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Volume 30, Issue 3

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Tuesday, 25 November 2014 06:00

Hold the Weather Jokes - Things are Getting Serious

Written by  Vicki Thomas

Snow

While it’s only November, the impacts of winter are being felt across North America. From record snowfalls in Buffalo, New York to unseasonable lows in other regions to strange shifts in weather from bitterly cold to pleasantly warm - everyone is feeling it.

The question that lingers after reading and listening to news reports over the last week or so about the weather that is hampering day-to-day life and even causing deaths is: doesn’t this happen every year? Yes, in fact we do deal with massive snowfalls, record rainfalls, and heat waves every year.

While some folks chalk this up to the nature of winter or the change in seasons, we’re now learning that in fact these weather fluctuations will soon become the norm rather than early or late season surprises.

A report out of the World Bank Group earlier this week reveal that these weather occurrences will very likely become the new normal. This is a result of global warming. In the report titled, Turn Down the Heat: Confronting the New Climate Normal, the World Bank Group has tried to explain the real tangible impacts of global warming.

Think of the impacts of record heat waves. Think now of record snowfalls. Think of drought. Think of record rainfalls and flooding. Think of fluctuating weather systems.

Now think beyond the inconvenience to you of getting to work, making it to the grocery store, or having to deal with damage to your home or business. Yes, these are all a big deal and as we have experienced year-after-year can result in the loss of life, tragic accidents, and the loss of livelihoods.

But now think of this on a wider global scale. Think of crop production. Think of transportation issues. Think of already drought-stricken regions. Think of global poverty. Think of food sources. Think of crop prices. Think of food shortages.

Yes, these are all things we need to think about when we talk about the weather. The recent World Bank Group report says that the effects of global warming are and will continue to drive up crop prices and have wider ramifications (Dr. Jim Yong Kim is the president of the World Bank Group):

Dr. Jim Yong Kim pointed to findings that soybean yields in Brazil could fall by up to 70 percent while wheat harvests could fall by as much as 50 percent by 2050 if average global temperatures rise to 2 degrees Celsius above pre-industrial levels. Temperatures are already 33 degrees higher than they were in the 1800s. (Financial Times)

So what does this mean for us? Well, it means that the record snowfall in Buffalo, New York will become more normal. It means that people need to become as prepared for the fluctuations in weather systems as they are for holiday shopping sales and invest time in being prepared and ready. For some skeptics this might seem like an overstatement, but think back over recent years and you’ll soon realize that terms like polar vortex are now the norm.

Imagine if you're a business owner living and working in Buffalo: last week you had to deal with over six feet of snow that made it impossible for you to leave your house, to maintain your business, to get to the grocery store, to check on your employees, to fill orders and to respond to customer requests; this week you’re dealing with rising temperatures that are causing the fresh snow to melt, now you’re worried about flooding in your home and your business, not to mention at your children’s school and at your storage facility (don’t forget those boxes of paper files you have stored in the basement…).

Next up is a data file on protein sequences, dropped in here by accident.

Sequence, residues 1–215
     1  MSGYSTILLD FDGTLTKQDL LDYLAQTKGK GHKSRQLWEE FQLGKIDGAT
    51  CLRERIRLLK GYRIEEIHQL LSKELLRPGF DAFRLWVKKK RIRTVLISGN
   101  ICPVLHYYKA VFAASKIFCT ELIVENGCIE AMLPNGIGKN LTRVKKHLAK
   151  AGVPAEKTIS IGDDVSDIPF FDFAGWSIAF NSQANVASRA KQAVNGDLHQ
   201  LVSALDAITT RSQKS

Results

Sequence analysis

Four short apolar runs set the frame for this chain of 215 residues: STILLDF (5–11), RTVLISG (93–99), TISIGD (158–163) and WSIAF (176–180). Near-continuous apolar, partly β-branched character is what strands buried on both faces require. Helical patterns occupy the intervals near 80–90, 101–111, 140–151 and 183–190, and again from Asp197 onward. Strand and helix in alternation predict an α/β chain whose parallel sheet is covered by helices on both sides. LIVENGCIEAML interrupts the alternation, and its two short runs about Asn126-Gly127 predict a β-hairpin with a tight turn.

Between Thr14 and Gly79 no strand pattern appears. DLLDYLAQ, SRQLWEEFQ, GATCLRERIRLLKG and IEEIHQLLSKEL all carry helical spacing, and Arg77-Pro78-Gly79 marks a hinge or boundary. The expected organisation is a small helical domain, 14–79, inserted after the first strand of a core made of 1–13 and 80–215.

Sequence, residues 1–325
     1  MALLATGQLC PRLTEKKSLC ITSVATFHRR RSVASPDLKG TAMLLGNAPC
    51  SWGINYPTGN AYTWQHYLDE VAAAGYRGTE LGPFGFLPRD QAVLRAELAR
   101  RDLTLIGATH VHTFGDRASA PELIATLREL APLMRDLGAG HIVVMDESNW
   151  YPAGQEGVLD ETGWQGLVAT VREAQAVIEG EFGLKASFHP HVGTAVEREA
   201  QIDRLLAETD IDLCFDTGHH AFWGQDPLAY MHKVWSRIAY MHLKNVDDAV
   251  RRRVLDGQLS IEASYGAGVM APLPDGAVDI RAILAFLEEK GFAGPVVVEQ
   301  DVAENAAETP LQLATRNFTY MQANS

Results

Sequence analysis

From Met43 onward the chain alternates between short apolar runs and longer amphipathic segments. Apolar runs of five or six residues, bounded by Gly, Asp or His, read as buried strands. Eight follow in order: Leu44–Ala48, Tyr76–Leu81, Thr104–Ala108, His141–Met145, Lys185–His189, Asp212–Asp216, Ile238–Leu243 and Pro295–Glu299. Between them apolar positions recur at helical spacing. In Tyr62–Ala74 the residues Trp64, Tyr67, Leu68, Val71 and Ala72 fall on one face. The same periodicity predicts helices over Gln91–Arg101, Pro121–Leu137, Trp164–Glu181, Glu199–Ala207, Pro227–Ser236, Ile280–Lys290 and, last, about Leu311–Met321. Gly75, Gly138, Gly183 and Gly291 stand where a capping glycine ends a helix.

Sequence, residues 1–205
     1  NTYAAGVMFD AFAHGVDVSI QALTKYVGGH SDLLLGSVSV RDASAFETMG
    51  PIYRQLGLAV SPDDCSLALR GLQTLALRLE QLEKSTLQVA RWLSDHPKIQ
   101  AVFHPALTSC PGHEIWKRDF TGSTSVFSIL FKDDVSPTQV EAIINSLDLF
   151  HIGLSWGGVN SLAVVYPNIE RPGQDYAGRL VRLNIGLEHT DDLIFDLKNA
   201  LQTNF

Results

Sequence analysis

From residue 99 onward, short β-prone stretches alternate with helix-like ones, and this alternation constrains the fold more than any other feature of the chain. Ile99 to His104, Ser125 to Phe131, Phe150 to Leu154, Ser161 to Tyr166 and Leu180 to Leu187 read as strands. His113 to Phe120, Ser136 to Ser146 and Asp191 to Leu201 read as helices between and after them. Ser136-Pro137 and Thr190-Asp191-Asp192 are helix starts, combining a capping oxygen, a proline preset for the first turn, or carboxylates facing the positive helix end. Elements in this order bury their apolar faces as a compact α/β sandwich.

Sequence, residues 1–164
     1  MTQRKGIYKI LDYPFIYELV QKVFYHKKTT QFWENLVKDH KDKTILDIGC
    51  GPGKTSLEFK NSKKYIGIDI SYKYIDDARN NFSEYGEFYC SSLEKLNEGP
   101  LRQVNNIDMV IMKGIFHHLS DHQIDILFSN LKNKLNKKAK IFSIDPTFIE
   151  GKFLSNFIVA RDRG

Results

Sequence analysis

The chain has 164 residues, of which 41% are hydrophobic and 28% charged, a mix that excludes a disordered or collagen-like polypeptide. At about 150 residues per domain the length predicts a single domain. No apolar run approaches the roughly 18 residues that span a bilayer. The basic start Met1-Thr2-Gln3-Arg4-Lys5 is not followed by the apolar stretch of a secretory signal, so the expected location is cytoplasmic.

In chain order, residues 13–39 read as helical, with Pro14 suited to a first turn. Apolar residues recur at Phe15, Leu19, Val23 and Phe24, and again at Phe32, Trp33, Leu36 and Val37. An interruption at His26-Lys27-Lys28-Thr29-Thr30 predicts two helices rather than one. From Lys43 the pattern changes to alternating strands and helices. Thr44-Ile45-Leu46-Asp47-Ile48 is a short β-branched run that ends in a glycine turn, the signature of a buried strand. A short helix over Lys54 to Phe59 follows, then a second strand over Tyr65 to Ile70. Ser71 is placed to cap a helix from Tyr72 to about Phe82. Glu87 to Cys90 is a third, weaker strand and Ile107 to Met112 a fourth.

Yes, this weather does impact us all. On a local and personal scale we’re dealing with lots of snow, dangerous driving conditions, cold temperatures, and flooding basements. On a global level we’re dealing with much more which will have an even larger and lasting impact. Consider these words from Dr. Kim:

“Dramatic weather extremes are already affecting millions of people,” he said, pointing to soaring temperatures in Australia this month and last week’s record snowfalls in New York State.

“As the planet warms further, heat waves and other weather extremes which today we call once-in-a-century events would become the new climate normal, a frightening world of increased risk and instability,” he said.

“These changes make it more difficult to reduce poverty and put in jeopardy the livelihoods of millions of people,” he said, and have serious consequences for development budgets, and institutions like the World Bank Group. (Financial Times)

From a BC/DR aspect, this impacts your business and family on every level. The weather is critical in your ability to maintain your business, to manage customer accounts, to ensure your employees have a safe working environment and in making sure that you and your employees are safe at home and on the road. You know the value of a business continuity plan for your business and how vital this is in being able to respond to something like two meters of snow or a flooding storage facility - but what about your preparations at home…

We all like to complain about the weather and even joke about it. But as we’ve learned from the recent World Bank Group report, the experiences of the citizens in Buffalo, the images of drought-stricken areas, and our own inconveniences when we can’t get to the grocery store or into the office - the weather is no longer something we should just be grumbling about. It’s time to think in a broader scope of how the changes in weather systems will impact us five, 10, 20 years from now. Oh, and are you ready if you can’t leave your home for a week?

To read more about the World Bank Group report and the recent weather system that impacted Buffalo, follow these links: